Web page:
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Volunteers needed at Casa de Paz to help people released from detention centers

The sudden increase of families who have been released from the Aurora detention center leaves Casa de Paz short of volunteers and basic supplies.

DENVER — The sudden increase in the number of families being released from the Aurora Contract Detention Center has left an organization in Colorado short of volunteers and basic supplies. 

Casa de Paz is a non-profit organization that seeks to reunite families who have been separated by immigration detention centers by providing post-release support to people once they have been released. 

"Often times, new immigrants to the United States seeking asylum are admitted to these detention centers and transferred across the country and then when they end up in Colorado, if they win their case or if they are released on bail, they are free to walk out the back door of that prison, but many times they are far from home," said Sara Jackson, founder and executive director of Casa de Paz, or House of Hope. 

But the past two months, the center has unexpectedly hosted an increased number of families.

"In June and July 2020 we received 27 guests, in June and July of this year we received 217 guests."

According to Jackson, families leave detention centers with no money, no phone, no food, without a sense of direction and some can't even speak English. 

Casa de Paz volunteers pick up the families from the detention center and take them to the "casa" where they offer overnight shelter and the basic supplies that they need until they can reach their final destination.

>Video above shows a story about lost immigrants finding peace in a house near Denver 

According to U.S. Immigration and Customs Enforcement (ICE), the Aurora Contract Detention Facility in Aurora, Colorado has seen an increase in the number of noncitizens being transferred to U.S. Immigration and Customs Enforcement (ICE) custody from border facilities resulting in greater numbers of individuals being released. ICE makes custody determinations on a case-by-case basis, in accordance with U.S. law and Department of Homeland Security (DHS) policy. The decision to detain or release an individual is based upon the individual facts and circumstances of each case. ICE will continue to follow the civil immigration enforcement priorities directed by DHS on Jan. 20, to focus available resources on threats to national security, border security and public safety.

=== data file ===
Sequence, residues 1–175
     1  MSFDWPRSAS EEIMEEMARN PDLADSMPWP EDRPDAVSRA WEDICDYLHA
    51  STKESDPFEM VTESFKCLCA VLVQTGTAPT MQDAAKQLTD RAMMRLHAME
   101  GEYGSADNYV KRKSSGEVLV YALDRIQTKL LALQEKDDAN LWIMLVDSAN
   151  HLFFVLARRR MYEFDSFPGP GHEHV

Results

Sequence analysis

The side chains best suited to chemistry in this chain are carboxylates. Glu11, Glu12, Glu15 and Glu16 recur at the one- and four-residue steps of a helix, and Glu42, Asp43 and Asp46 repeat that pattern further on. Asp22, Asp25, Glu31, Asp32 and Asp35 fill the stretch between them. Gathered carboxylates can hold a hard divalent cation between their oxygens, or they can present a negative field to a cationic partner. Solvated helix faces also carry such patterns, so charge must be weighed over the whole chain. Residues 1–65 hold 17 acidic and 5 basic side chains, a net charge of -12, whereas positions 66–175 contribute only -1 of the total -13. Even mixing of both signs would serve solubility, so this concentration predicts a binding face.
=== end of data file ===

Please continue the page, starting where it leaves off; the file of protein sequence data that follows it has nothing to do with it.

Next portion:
Jackson said Casa de Paz needs drivers who can pick up families from the detention center and people who can bring food, water bottles, sleeping bags, pillows and clean the center.

People who are interested in volunteering can visit this page. You do not need to be a volunteer to be able to bring supplies to the center.

For people who want to get involved, but don't want to go to the center, they have the option of playing in a volleyball league to raise funds.

"The volleyball league, known as Volleyball International, is another way to support the house if you don't want to bring food, but want to play volleyball and all the money we earn will be donated to the house," Jackson said. 

NPR said in a report released on July 28 that the Biden administration has a plan that aims to expedite the consideration of many asylum applications.

If the president's plan is executed, the number of applicant approvals could grow rapidly and as a result more families will be released from detention centers across the nation. 

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